with unkempt hair.

      ~~

      Just for today
      using men
      for rice-planting.

      ~~

      Rouged lips
      forgotton --
      clear spring water.

      ~~

      Putting up my hair
      no more
      my hands to the kotatsu

      ~~

      The morning glory!
      It has taken the well bucket
      I must ask elsewhere for water.

      ___________________________________________________________________________

      From 'The Dharma Bums' by Jack Kerouac
      <http://www.litkicks.com/Texts/DharmaCamp.html>

      'There's nothing wrong with you Ray'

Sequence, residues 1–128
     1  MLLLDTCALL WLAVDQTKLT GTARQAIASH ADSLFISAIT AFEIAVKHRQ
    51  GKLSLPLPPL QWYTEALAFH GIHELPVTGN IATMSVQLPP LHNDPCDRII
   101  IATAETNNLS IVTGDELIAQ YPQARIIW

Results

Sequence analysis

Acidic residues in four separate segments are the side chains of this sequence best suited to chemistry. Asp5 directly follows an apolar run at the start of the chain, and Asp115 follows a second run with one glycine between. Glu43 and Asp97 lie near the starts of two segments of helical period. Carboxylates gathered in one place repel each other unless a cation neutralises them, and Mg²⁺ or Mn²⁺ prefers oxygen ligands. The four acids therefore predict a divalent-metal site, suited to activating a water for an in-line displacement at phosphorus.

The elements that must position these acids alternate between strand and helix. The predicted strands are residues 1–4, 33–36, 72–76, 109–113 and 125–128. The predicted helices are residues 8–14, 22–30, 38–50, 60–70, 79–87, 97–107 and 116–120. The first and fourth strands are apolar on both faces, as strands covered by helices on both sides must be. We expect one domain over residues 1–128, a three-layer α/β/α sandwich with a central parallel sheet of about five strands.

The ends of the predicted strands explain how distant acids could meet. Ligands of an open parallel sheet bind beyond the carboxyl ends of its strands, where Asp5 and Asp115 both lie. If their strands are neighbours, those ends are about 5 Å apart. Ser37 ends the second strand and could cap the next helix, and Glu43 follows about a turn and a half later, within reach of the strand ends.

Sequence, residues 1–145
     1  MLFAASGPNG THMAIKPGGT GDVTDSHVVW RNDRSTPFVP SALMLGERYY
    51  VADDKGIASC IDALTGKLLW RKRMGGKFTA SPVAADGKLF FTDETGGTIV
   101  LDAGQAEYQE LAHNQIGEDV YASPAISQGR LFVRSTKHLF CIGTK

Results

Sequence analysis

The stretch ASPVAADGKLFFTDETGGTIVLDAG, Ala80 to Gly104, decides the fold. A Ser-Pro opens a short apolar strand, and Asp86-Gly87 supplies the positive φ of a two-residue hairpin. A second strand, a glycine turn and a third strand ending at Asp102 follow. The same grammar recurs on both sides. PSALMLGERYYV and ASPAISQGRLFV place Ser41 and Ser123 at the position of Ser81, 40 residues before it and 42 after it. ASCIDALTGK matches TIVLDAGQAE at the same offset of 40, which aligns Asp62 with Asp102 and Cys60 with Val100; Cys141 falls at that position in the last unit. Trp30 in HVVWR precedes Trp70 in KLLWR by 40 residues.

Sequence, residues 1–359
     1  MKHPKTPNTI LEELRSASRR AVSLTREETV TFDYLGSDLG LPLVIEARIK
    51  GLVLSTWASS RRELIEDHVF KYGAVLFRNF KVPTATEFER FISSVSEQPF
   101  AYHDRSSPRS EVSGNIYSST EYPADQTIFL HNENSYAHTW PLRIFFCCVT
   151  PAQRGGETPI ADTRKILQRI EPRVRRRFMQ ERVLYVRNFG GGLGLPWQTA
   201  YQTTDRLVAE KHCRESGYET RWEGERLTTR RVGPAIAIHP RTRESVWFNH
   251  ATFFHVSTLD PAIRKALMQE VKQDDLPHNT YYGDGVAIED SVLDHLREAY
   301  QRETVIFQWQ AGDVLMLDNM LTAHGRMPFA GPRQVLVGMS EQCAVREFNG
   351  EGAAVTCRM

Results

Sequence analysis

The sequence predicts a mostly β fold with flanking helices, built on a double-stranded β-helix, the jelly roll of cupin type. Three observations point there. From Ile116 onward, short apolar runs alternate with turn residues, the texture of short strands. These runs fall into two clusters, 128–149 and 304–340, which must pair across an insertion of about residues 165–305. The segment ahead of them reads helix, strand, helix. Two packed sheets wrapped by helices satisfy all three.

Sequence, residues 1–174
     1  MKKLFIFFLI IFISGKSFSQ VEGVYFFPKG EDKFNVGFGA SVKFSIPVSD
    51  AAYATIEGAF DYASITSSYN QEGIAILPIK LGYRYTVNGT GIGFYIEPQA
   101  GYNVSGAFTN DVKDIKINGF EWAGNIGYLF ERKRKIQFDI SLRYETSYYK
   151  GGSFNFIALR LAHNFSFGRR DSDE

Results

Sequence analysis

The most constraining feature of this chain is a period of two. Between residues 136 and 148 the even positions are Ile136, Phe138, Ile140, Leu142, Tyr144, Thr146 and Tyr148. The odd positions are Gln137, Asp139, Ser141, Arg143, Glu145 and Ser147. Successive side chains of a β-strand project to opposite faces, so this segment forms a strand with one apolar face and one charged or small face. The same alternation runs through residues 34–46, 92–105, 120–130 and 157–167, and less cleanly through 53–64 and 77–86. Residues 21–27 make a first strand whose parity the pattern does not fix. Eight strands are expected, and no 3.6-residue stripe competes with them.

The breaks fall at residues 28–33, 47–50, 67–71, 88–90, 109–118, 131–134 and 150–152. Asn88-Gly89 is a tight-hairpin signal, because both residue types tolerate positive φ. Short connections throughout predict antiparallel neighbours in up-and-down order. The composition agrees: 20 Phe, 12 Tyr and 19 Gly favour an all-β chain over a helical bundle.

(From Chapter 9: Japhy Ryder and Ray Smith are camping
      out after a day of mountain climbing)

      So we unpacked our packs and laid things out and smoked
      and had a good time. Now the mountains were getting that
      pink tinge, I mean the rocks, they were just solid rock
      covered with the atoms of dust accumulated there since
      beginningless time. In fact I was afraid of those jagged
      monstrosities all around and over our heads.

      'They're so silent!' I said.

      'Yeah man, you know to me a mountain is a Buddha. Think
      of the patience, hundreds of thousands of years just
      sitting there bein perfectly perfectly silent and like
      praying for all living creatures in that silence and
      just waiting for us to stop all our frettin and foolin.'
      Japhy got out the tea, Chinese tea, and sprinkled some
      in a tin pot, and had the fire going meanwhile, a small